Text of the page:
Description: "Oresteia" relates the events of the house of Agamemnon, King of Argos, from the beginning of the Trojan War to the accession of Agamemnon's son Orestes to the throne of Argos. ACT 1, "AGAMEMNON" King Agamemnon, leader of the victorious Greek armies in the Trojan War, returns home triumphantly to Argos, only to be murdered by his wife Klytemnestra. The action is based faithfully on Aeschylus' ancient Greek tragedy, "Agamemnon" (the first play of the "Oresteia" trilogy). The opera begins with a lone Watchman (tenor) seeing a distant signal-fire which signifies the fall of Troy. He announces this news to the Chorus, which rejoices and then relates an event from ten years past, in which Agamemnon sacrificed his daughter Iphigeneia, thus allowing the Greek fleet fair winds to sail to Troy. Queen Klytemnestra, Agamemnon's wife, has been plotting with her lover Aegisthus to kill Agamemnon and avenge Iphigeneia's death. She enters and imagines the scenes of destruction of the sack of Troy, and hints at the dark end awaiting Agamemnon upon his return. A Herald arrives to announce the Greeks' victory and Agamemnon's imminent arrival. Agamemnon arrives in triumph, accompanied by Kassandra, the Trojan priestess of Apollo, now Agamemnon's slave: they are hailed by the Chorus. Klytemnestra welcomes both with deceptive hospitality. Kassandra, in a prophetic trance, relates past events from the house of Agamemnon and foresees her murder at Klytemnestra's hands. Although amazed by her knowledge of past events, the Chorus does not believe Kassandra's predictions of her own death. Kassandra follows Agamemnon and Klytemnestra into the palace. Agamemnon's death cries are heard offstage, and Klytemnestra appears in triumph over the bodies of Agamemnon and Kassandra. The Chorus, horrified, rebukes Klytemnestra and mourns Agamemnon. Aegisthus, the new King, enters to relate his own long-standing grudge against Agamemnon. The Chorus angrily revolts, but Aegisthus' bodyguard staves off the mob. Klytemnestra and Aegisthus re-enter the palace as the new rulers of Argos. ACT 2, "THE LIBATION BEARERS" Orestes, son of Agamemnon and Klytemnestra, returns from exile to Argos, where, conspiring with his sister Elektra, he kills Klytemnestra to avenge Agamemnon's earlier murder at her hands. The action is based faithfully on Aeschylus' ancient Greek tragedy, "The Libation Bearers" (the second play of the "Oresteia" trilogy). Agamemnon, the King of Argos and the victorious leader of the Greek armies in the Trojan War, was murdered by his wife Klytemnestra upon his return to Argos. Klytemnestra, now Queen of Argos, rules with Aegisthus, her lover and co-conspirator in Agamemnon's murder. Orestes' sister Elektra, daughter of Agamemnon and Klytemnestra, has been relegated to the status of a slave. The opera begins at the grave of Agamemnon. Orestes and his friend Pylades approach the tomb; upon hearing a procession of women coming, they hide. A Chorus of household slaves (captured Trojan women) approach the tomb. They have been sent by Klytemnestra to pour libations to appease the spirit of Agamemnon. Elektra, who is with the slave women, joins them in their laments for Agamemnon's fate as well as their own. Orestes recognizes his sister Elektra among the women, and reveals his identity to her. Elektra joyfully welcomes her brother Orestes; together with the Chorus, the siblings plot the murders of Klytemnestra and Aegisthus and the restoration of Orestes to his rightful place on the throne of Argos. They attempt to raise the spirit of Agamemnon to bless their enterprise, but Agamemnon's ghost does not appear. The plot is now put in motion. Orestes and Pylades, disguised as travellers from a distant city, appear at the palace seeking hospitality for the night. Klytemnestra welcomes the guests. They announce false news of Orestes' death, and Klytemnestra summons Aegisthus to hear this news. Orestes and Pylades kill Aegisthus, and then confront Klytemnestra. Klytemnestra attempts to sway Orestes from his purpose; he wavers, but Pylades encourages him. Orestes and Pylades drag Klytemnestra offstage to her death. Orestes appears, tortured, over the bodies of Klytemnestra and Aegisthus. He announces that he will travel to Delphi to be purified of this murder by Apollo. Already, however, he is growing mad: he sees the Furies, terrible goddesses who punish those who kill their blood kin, coming for him. Orestes, now insane, leaves for Delphi with the Furies in pursuit. ACT 3, "THE FURIES" Orestes, son of Agamemnon and Klytemnestra, has killed his mother and is thus pursued by the Furies. In a trial at Athens presided over by Athena, Orestes is tried for his crime and is acquitted. Athena placates the Furies by offering them places of honor in Athens. The action is based on Aeschylus' ancient Greek tragedy, "Eumenides." The opera begins at Delphi, at Apollo's temple. The Pythia, priestess of Apollo, discovers Orestes and the sleeping Furies inside the temple. Apollo tells Orestes to go to Athens and seek the protection of Athena. Orestes leaves. The Ghost of Klytemnestra appears, rouses the Furies and urges them to continue the chase. The Furies sing of their hatred of Orestes; Apollo drives them from his temple. Orestes arrives at Athens and takes refuge in Athena's temple, where the Furies discover him. As they are about to kill him, Athena appears. She places Orestes under her protection, but honors the justice of the Furies' claim by instituting a trial to determine Orestes' guilt. The trial is held at Athens, with Apollo as Orestes' defense attorney, the Furies as the prosecutors, and Athena as the presiding judge. Orestes is acquitted, and leaves to take up the throne of Argos. The Furies violently protest what they see as an unjust verdict, and threaten to destroy Athens. Athena persuades them to accept a place of honor in her city instead, and be worshipped forever by the citizens of Athens. The joyful closing chorus escorts the Furies (now the "Eumenides," or "kindly ones") to their new home under the Acropolis.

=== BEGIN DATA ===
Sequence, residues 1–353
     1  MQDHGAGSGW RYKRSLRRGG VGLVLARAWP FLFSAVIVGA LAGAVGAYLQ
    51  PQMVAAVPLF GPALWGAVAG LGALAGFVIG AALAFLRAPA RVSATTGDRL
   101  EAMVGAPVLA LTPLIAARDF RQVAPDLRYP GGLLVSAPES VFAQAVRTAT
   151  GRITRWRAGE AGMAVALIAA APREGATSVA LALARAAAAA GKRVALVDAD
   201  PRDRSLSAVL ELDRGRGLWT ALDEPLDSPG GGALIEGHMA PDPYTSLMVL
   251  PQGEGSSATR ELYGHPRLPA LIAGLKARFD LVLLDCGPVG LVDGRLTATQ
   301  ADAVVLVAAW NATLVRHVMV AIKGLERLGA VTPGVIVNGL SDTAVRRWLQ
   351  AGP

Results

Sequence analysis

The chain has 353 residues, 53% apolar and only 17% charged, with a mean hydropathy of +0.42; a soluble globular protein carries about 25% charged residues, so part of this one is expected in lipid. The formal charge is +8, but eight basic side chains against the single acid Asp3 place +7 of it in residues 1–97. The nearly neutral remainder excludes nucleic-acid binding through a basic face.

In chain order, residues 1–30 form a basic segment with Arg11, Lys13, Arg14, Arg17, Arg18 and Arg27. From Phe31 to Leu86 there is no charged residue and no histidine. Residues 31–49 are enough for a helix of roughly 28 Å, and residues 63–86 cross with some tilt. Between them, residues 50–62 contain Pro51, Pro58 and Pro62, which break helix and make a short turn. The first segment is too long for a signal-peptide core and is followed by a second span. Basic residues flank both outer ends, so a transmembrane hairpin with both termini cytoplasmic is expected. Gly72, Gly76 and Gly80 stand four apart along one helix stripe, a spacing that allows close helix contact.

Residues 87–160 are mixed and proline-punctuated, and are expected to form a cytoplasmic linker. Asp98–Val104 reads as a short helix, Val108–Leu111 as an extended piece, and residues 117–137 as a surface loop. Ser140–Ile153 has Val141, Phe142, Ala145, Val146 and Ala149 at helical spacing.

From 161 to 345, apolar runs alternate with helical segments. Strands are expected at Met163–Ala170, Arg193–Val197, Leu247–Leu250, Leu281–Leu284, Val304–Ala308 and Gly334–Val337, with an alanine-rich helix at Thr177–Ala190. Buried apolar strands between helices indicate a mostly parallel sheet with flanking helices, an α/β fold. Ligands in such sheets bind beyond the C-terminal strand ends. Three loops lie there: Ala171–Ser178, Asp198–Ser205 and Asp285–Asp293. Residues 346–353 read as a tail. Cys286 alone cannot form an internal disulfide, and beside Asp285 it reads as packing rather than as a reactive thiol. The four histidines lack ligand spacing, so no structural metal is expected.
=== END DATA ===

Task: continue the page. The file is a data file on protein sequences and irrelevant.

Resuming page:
Total Acts: 3
Chorus: SATB Chorus
Orchestration: fl, ob, vn, va, vc, pno, 1 perc
Musical Style: Tonal/modal with chromatic inflections; number-opera structure, with arias for each principal role; performable by colleges/universities
Contact: Andrew Earle Simpson
E-mail Address: simpson@cua.edu
Phone: 202-319-5564 or 301-330-5408